Superman: Action Comics #1052 – Phillip Kennedy Johnson, Dan Jurgens, Leah Wiliams, Writers; Rafa Sandoval, Lee Weeks, Marguerite Sauvage, Artists; Matt Herms, Elizabeth Breitweiser, Colorist
Ray – 9.5/10
Ray: The next installment of the Superman family anthology that Phillip Kennedy Johnson is spearheading continues to deliver, kicking off with an excellent lead story that pits the Super-family against Metallo. The Kryptonite-addled soldier is more powerful than ever, and after fighting and nearly killing Superboy, he’s strong enough to hold out against the entire family—until Superman throws him into space, where he’s haunted by visions of his sister. While Luthor is the top suspect in the attack, there are other wrinkles—including the presence of Blue Earth, a new anti-alien hate group advocating against the Warworld refugees and trying to turn the public against Superman. The best scenes in this story are once again the extended Super-family interacting, and it’s a lot of fun to see how Clark and Lois are doing their best to raise these two young kids from a highly atypical situation—carrying on the good work of the Kents. This continues to be one of the best Superman stories we’ve had in a while.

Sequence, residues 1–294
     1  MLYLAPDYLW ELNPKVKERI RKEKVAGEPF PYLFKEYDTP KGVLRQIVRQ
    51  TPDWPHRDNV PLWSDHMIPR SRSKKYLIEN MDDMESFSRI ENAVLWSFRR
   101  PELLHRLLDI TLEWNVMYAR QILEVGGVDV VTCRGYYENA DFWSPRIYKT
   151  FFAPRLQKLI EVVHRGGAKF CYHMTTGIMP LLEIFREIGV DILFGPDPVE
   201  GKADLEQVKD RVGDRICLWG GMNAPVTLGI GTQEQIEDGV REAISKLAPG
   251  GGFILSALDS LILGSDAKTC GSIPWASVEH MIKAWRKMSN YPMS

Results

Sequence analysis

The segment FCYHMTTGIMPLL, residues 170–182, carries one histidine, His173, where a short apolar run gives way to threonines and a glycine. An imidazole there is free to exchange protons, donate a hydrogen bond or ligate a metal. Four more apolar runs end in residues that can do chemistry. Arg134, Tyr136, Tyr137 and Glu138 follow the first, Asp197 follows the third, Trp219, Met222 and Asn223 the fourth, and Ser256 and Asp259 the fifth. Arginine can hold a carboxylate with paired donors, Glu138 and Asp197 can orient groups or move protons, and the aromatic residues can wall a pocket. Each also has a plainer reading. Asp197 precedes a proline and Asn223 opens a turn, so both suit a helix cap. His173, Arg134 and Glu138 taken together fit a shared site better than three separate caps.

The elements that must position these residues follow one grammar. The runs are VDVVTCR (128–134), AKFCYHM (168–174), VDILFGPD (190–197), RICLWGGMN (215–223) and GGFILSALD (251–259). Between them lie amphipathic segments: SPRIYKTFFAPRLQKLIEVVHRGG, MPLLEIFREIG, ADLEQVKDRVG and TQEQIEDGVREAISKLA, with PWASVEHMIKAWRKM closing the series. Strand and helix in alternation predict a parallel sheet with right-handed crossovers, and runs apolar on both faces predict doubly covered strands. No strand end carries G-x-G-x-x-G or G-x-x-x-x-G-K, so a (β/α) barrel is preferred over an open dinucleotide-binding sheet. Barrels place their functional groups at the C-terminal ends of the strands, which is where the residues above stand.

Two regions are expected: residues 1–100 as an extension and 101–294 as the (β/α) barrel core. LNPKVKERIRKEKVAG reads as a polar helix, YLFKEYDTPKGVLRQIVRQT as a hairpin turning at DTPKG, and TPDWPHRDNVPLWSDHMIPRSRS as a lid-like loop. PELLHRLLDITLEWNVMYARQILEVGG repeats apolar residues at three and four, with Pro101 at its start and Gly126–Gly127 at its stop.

The second story, by Jurgens and Weeks, takes the story to California where the family is settling back in on the farm. But it doesn’t take long for trouble to find them, as Jon gets pulled into the story of a mysterious young princess being hunted by alien warlords. As he gets kidnapped from Earth along with her, Superman springs into action—which might leave Lois alone at the farm just in time for an old enemy to come calling—seeking help. Jurgens is a master of these characters, of course, and he’s drawing on a lot of his old plots for a really fun story.
Finally, Williams and Sauvage continue their Power Girl tale, as Karen’s erstwhile relative Kara Zor-El comes in for a visit at Omen’s psychic clinic. Someone has attacked her speech center, making her words come out in unknown languages. To solve it, they have to enter Kara’s mindscape—which is a perfect place for some therapy about how Karen doesn’t really fit into the Superman family because of her multiversal origins. It’s fun to see these characters interact, and the art continues to be absolutely stunning.
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GeekDad received this comic for review purposes.